Rev. Dr. John Sias for Secretary of the Synod — Another Encouragement


Rev. Dr. Sias with his wife, Heidi

It is indeed an honor and a privilege to encourage the election of Rev. John W. Sias as Secretary of the LCMS. I have known Rev. Sias for approximately 3 ½ years, beginning with our service together on the 2013 Committee for Convention Nominations (CCN).

First, permit me to establish my perspective.  I am a lifelong member of the LCMS.  I have been a delegate to the Convention twice.  I have served on the Mission Floor Committee and the CCN twice. For 2013, Rev. Sias was Vice-Chairman of the CCN and I was Chairman, working closely with the Secretary’s office. For the past three years, I have chaired the Bylaw 3.2.5 Committee (dealing with synodical vacancies) and Rev. Sias was Vice-Chairman, working even more closely with the Secretary’s office.  I have served on the Board of Directors of Iowa District East twice, most recently as Chairman from 2001 to 2012. I have served on the Board of Governors of the Concordia Historical Institute, serving lastly as Vice-President. We have two sons ordained in the LCMS, one having attended each seminary. Our congregation has had two former Pastors elected as District Presidents. (I could go on….)

So, I believe I know “the lay of the land” pretty well, and have gotten to know Rev. Sias well.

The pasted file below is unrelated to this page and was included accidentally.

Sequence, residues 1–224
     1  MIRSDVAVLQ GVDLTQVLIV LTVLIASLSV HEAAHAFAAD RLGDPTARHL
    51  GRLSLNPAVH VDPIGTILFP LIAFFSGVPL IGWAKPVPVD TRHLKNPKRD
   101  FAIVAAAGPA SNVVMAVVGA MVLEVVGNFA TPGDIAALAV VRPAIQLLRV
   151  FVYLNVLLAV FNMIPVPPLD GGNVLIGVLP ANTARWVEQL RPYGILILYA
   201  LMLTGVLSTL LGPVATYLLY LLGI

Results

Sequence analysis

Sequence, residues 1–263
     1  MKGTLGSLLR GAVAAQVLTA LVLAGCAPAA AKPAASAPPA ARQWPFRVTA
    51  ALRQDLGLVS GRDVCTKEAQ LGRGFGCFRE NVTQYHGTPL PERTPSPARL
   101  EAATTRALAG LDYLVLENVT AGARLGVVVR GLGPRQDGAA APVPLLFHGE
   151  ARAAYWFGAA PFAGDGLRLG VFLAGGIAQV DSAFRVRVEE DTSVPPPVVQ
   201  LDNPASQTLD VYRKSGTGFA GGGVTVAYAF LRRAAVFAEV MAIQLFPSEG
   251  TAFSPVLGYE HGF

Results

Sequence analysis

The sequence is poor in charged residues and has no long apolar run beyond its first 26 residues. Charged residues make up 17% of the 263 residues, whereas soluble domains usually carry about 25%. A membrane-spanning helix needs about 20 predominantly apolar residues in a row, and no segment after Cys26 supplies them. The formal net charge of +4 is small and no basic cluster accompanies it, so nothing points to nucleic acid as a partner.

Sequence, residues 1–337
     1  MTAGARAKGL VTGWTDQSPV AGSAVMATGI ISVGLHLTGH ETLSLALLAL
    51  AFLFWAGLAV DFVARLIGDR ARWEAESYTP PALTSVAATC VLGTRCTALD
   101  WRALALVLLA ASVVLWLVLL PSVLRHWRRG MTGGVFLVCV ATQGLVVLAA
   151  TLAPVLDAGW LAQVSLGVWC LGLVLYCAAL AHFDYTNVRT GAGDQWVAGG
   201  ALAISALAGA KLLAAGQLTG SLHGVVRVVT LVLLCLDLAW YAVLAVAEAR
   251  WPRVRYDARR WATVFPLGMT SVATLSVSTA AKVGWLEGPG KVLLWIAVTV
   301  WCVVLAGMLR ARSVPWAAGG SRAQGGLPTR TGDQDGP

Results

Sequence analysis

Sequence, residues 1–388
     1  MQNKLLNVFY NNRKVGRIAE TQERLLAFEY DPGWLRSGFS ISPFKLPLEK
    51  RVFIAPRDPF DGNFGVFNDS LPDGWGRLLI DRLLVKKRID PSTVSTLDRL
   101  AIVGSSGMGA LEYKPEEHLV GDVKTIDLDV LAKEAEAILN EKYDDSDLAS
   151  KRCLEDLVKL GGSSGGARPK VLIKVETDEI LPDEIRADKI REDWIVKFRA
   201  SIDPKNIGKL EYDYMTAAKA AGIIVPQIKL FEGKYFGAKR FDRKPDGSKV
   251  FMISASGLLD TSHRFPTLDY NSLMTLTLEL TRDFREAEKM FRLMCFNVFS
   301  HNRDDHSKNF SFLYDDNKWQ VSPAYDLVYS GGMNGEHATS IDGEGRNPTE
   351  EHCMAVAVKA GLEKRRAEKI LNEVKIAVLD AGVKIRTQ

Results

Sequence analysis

Rev. Sias is one of the most unique and most capable men I have ever known. As soon as Rev. Hartwig said that he was not going to stand for reelection, I asked Rev. Sias if he would be interested.  I was privileged to enter a nomination for Rev. Sias.

He is confessional, brilliant, personable, a “quick study”, professional, energetic yet patient, hard working, and thoughtful, among other favorable attributes. He currently serves three congregations in Montana and was elected Second Vice-President of the Montana District. He seems to have an antenna for everyone and everything that goes on in the Synod. He is a good listener. His advance familiarity with the office of Secretary comes at least in part from the CCN work as well as from his service on the Commission for Constitutional Matters (CCM). He is at ease with electronic media, so important to the office in this age.  In fact, immediately upon earning his PhD in Engineering in 2005, he enrolled directly in the seminary.

I know and respect some of the other candidates listed for that office.  I would not speak against any of them, but I would clearly vote for Rev. Sias.  This man is very, VERY good!


                                                                                 Carl T. Egger, PhD

                                                                                 Muscatine, IA


Rev. Dr. John Sias for Secretary of the Synod — Another Encouragement — 18 Comments

  1. Why did all the Mighty Lutheran Men of Confessional Valor gravitate to Montana and not to the Mid-South District?

  2. Because he is a faithful pastor, it is best to not pull him from his flock where he is needed. Perhaps a pastor without a divine call should be elected to this position. It’s not a good idea to grab our faithful pastors of churches and put them in admin positions. God bless Pastor Sias and his flock with many more years together.

  3. @Mark #1

    Why did all the Mighty Lutheran Men of Confessional Valor gravitate to Montana and not to the Mid-South District?